How's this for contrarian capitalism: You build one of the most valuable sites on the Internet, a classified-ad market visited each month by 17 million people in 50 countries. You could be raking in $1 billion a year, by some estimates, if you charged every user for the service or littered the site with banner ads. Instead, you're content with a mere $30 million or so in revenue.
Craigslist founder Craig Newmark has left more money on the table during the past dozen years than most Web entrepreneurs see in a lifetime. But that's what has ensured that the cash keeps pouring in. Nearly all of the classified listings on Craigslist are free, and the site has never run ads of any kind. Its sole revenue stream is the $25 to $75 it charges for job postings in seven major U.S. cities, and the $10 per listing it charges New York City apartment brokers.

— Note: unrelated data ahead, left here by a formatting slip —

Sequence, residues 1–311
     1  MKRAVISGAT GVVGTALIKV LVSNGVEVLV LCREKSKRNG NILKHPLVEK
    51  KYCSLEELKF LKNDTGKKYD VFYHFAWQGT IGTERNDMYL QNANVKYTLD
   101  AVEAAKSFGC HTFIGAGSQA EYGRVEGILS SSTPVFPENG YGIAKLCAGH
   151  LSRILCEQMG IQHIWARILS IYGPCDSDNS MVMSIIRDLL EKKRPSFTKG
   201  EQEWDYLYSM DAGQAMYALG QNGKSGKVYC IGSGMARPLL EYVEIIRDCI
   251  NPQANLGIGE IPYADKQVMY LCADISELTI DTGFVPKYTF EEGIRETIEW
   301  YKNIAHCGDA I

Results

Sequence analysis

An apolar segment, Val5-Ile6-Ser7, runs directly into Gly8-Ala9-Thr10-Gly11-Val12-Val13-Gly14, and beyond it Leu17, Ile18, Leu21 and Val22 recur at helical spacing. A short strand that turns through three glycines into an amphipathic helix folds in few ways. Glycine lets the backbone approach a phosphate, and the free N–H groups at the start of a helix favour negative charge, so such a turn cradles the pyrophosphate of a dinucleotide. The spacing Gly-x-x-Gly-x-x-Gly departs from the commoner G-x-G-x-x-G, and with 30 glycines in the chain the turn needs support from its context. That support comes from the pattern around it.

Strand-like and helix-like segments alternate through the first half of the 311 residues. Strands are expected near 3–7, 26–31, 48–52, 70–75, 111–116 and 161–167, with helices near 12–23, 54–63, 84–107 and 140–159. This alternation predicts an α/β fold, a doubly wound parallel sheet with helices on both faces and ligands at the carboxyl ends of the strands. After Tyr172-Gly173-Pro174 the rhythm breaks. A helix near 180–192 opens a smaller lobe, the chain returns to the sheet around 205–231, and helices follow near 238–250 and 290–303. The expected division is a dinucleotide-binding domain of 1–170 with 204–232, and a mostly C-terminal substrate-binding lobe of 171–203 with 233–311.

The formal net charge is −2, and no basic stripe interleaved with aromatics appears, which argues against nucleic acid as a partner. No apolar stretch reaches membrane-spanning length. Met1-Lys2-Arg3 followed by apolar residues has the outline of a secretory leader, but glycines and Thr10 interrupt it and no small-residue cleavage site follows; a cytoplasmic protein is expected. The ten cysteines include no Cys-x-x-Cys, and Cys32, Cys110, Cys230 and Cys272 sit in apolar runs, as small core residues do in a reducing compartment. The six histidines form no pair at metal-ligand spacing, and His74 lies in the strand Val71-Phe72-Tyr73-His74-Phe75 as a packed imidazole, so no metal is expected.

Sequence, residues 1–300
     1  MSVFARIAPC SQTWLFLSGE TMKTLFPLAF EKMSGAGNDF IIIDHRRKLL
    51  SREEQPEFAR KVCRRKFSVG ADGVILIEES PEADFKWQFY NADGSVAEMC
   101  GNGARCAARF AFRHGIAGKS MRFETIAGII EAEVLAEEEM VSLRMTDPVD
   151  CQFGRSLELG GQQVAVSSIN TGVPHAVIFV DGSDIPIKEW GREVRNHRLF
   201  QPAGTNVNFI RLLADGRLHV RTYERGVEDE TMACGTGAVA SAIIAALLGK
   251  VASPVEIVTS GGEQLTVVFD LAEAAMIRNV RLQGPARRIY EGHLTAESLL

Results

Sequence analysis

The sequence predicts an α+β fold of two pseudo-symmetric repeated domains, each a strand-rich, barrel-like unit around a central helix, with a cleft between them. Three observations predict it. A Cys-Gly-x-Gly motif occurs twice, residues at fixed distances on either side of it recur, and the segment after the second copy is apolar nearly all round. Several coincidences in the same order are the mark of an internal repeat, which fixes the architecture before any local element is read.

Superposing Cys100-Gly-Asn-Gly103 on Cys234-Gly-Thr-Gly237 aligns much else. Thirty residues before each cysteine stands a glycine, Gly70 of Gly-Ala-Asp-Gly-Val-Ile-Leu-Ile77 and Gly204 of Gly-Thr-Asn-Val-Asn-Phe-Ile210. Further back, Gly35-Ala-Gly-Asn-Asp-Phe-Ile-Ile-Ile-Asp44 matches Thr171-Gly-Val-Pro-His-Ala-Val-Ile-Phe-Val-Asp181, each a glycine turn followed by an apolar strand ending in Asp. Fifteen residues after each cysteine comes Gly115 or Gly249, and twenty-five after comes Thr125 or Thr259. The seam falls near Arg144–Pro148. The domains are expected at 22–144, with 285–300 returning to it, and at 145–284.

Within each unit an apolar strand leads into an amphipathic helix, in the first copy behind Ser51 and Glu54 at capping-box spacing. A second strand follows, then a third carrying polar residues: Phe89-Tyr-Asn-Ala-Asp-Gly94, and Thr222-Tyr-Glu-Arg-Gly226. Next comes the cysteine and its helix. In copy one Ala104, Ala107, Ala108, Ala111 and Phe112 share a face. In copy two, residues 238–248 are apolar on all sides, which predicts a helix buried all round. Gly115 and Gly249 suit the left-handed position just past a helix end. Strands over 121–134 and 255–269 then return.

Users have come to rely on Craigslist and feel comfortable with its online community, allowing the site to steal classified ads from hundreds of daily newspapers across the country. "We've built a pretty good environment of trust," Newmark says. "You always have to respect your customers and follow through with the values you profess. If you do, the market will reward you. Some newspaper chains have forgotten that."